Speechs in the year
Tarikh/Date 	: 	15/11/83 

Distinguished guests; Ladies and gentlemen, I would like to thank the
Board of Malaysian Transnational Trading Corporation Berhad (MATTRA) for
inviting me to officiate its launching ceremony.

2. I would also like to congratulate Kumpulan Fima Berhad, United Motor
Works (Malaysia) Holdings Berhad and Palmco Holdings Berhad for their
initiative and boldness in coming together to incorporate a general
trading company under the sogoshosha concept to foster and upgrade their
trading activities in particular and Malaysian international trade in
general. Kumpulan Fima Berhad, is a government owned investment holding
company with diversified interests in the food and food-related
industries, and its involvement today with two well established local
public listed companies bears testimony that the newly evolved government
policy of 'Malaysia Incorporated', 'Privatisation' of the economy and to
establish a fresh outlook in the export trade is gaining material support
from the private sector. The wide diversity of activities of the
shareholders of MATTRA is a meaningful base for the newly incorporated
trading company to enter into the international trade aggressively. On my
recent trip to Japan, I had the honour of opening its first overseas
office in Tokyo.

3. I have first suggested to the private sector in mid 1980 that Malaysian
trading houses, similar to the Japanese sogoshosha, be set up to serve
small and big commodity producers and manufacturers in the
country. Various corporate entities have responded to this challenge. It
is admitted that the present sogoshosha of the Japanese have evolved over
a long period before their impact on world trade was felt. Malaysians must
therefore be patient in their expectations on the role and performance of
the local trading companies. Though I have suggested the incorporation of
Japanese type trading houses, the final shape and form of the Malaysian
trading houses would, I am sure, not be a total adoption of the Japanese
type but will have their own identities to reflect Malaysian needs and

Ladies and gentlemen, 

4. The lead time from mid 1980 to today to see the private sector's
material response to the concept of general trading companies shows that
change is something not readily accepted, and more so in an environment
where political and economic stability prevails, and their continuance is
taken for granted. Fortunately or unfortunately, Malaysia falls in this

5. The government is responsible for the well-being of the country, not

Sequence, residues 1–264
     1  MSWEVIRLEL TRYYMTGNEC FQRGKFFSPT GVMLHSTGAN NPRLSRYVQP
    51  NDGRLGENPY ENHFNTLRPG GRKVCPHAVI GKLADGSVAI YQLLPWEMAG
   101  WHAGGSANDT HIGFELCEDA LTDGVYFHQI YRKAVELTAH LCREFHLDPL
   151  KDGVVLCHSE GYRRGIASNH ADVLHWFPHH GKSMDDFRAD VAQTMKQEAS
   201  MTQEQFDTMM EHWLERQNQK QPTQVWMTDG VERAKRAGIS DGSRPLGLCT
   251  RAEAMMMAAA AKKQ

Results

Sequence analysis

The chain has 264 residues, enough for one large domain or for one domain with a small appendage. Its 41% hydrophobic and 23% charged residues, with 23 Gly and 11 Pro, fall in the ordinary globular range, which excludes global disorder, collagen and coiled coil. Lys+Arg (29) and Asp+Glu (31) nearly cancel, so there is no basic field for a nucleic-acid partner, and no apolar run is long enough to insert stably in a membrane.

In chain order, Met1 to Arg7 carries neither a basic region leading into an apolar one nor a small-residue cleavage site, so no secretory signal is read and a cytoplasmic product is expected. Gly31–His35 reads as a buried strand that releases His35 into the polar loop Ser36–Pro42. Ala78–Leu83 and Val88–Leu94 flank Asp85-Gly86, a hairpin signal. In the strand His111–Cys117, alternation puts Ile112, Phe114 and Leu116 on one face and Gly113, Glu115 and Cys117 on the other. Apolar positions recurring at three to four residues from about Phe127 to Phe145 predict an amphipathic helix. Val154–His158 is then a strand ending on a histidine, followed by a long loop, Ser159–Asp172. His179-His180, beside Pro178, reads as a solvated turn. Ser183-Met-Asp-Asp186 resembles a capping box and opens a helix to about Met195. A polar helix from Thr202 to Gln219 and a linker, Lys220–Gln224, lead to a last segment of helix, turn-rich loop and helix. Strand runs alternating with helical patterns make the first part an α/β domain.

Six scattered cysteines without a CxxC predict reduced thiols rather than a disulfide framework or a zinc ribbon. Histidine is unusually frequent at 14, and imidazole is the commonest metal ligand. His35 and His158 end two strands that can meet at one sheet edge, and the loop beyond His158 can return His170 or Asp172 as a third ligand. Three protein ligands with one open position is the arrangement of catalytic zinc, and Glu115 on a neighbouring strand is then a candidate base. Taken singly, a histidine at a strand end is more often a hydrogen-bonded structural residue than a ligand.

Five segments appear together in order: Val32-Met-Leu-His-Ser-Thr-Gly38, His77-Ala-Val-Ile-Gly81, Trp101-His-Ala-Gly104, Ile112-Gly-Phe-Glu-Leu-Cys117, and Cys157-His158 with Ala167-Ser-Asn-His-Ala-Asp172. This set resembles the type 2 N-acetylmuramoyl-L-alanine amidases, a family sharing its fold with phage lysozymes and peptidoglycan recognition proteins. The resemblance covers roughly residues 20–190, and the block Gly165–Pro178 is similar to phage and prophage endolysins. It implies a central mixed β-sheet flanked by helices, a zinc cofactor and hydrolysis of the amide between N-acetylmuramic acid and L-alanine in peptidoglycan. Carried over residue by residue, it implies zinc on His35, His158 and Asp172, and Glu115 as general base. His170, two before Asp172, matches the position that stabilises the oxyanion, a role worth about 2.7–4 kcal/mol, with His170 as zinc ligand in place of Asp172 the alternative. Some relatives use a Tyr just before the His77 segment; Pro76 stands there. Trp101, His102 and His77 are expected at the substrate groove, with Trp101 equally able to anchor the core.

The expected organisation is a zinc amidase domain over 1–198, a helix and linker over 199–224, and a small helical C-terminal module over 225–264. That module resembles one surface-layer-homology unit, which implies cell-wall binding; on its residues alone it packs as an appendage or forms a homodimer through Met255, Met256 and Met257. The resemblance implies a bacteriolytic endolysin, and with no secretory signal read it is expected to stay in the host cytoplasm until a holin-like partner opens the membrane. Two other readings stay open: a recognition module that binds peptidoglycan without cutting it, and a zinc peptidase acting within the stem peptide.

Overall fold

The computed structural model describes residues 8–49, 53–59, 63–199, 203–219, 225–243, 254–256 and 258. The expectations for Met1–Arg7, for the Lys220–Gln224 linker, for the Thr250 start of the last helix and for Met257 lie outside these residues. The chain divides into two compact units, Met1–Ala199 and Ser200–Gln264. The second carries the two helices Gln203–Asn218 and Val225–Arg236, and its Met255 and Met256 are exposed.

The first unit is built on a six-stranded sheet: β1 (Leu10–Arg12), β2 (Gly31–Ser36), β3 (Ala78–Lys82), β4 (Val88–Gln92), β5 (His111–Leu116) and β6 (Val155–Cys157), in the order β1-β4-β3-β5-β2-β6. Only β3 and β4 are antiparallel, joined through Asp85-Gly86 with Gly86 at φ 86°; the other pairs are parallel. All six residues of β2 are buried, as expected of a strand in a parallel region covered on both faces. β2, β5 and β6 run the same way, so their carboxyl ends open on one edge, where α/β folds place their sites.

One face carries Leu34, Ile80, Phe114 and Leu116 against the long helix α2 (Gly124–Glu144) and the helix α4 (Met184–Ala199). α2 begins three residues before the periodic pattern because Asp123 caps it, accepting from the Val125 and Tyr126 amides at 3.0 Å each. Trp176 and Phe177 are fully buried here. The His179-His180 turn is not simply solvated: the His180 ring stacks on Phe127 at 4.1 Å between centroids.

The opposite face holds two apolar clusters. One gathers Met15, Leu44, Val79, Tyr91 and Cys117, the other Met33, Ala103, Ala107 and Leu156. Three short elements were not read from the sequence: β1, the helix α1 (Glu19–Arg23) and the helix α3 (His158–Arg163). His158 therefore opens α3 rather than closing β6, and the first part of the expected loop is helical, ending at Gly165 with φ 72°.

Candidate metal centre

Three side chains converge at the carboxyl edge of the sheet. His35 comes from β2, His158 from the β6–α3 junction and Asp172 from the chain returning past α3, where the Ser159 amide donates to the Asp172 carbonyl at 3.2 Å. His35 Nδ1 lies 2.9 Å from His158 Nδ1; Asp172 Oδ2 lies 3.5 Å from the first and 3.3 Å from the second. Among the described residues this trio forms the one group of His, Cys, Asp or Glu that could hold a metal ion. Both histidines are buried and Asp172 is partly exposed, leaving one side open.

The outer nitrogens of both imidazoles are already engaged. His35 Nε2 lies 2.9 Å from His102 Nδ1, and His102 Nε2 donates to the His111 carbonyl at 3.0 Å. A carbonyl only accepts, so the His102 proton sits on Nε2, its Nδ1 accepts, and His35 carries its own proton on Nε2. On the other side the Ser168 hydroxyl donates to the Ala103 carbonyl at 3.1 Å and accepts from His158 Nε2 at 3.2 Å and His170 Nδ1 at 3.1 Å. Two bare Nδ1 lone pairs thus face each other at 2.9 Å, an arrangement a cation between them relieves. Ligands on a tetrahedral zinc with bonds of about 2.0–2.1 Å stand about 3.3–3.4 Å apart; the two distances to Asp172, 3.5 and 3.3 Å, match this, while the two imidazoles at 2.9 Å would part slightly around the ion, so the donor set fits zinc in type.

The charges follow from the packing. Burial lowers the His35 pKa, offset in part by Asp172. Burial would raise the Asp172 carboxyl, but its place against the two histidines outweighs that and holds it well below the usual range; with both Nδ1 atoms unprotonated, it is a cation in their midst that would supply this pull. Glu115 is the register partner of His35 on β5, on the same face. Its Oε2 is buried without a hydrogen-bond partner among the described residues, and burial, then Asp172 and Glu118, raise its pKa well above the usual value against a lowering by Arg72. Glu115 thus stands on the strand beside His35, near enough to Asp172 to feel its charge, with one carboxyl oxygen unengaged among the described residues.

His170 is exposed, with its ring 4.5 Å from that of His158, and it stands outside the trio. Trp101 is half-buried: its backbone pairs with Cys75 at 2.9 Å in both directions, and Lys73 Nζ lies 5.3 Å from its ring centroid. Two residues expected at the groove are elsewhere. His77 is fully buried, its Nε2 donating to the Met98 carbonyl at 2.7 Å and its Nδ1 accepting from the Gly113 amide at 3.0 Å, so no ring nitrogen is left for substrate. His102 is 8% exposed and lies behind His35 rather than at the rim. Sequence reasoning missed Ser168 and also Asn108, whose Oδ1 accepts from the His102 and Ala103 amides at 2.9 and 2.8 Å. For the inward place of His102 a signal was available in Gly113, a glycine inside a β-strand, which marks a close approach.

only for the present but also more importantly for the future. Apart from
the provision of the traditional role of law and order, it has also to
ensure that the economy, no matter how successful we are today, does not
lapse into a state of complacency. The world at large is constantly
undergoing changes and to maintain progress and growth we must constantly
be aware of the changes taking place and to come to terms with them, lest
we would be out of the mainstream of development.

6. In Malaysia, the private sector has been given an increasing role in
contributing to the well being of the nation's economy under the concepts
of 'Malaysia Incorporated' and 'Privatisation' of the economy. The private
sector has to concern itself not only on the financial performance of its
commercial undertakings, but more as a good corporate citizen to adopt a
more forward and positive position in restructuring its corporate role and
activities to meet the changing times in nation building.

The sacrifices made by companies to submerge individual benefits for the
mutual benefits of the trading companies they have established to upgrade
Malaysian international trading is a move in that direction. I hope more
Malaysian companies would undertake similar approach in their business
endeavours. The development of a large segment of good corporate citizens
within the Malaysian corporate sectors augurs well for the economy. The
private sector, I am sure, would be able to shoulder the added
responsibilities successfully, as it has done in the past in fulfilling
the various roles which it has been called upon to play.

7. The resilience of the Malaysian economy is best demonstrated by the
modest growth achieved this year despite the world recession. A brighter
outlook has been forecast for 1984 and 1985. The country's total trade
with the world this year stands at $62.9 billion and is expected to
register an increase of 10.2% over last year. Increasing volume and value
of trade per se does not mean we have no economic problem to address
to. The weakness of the Malaysian 'service industry' in world trade has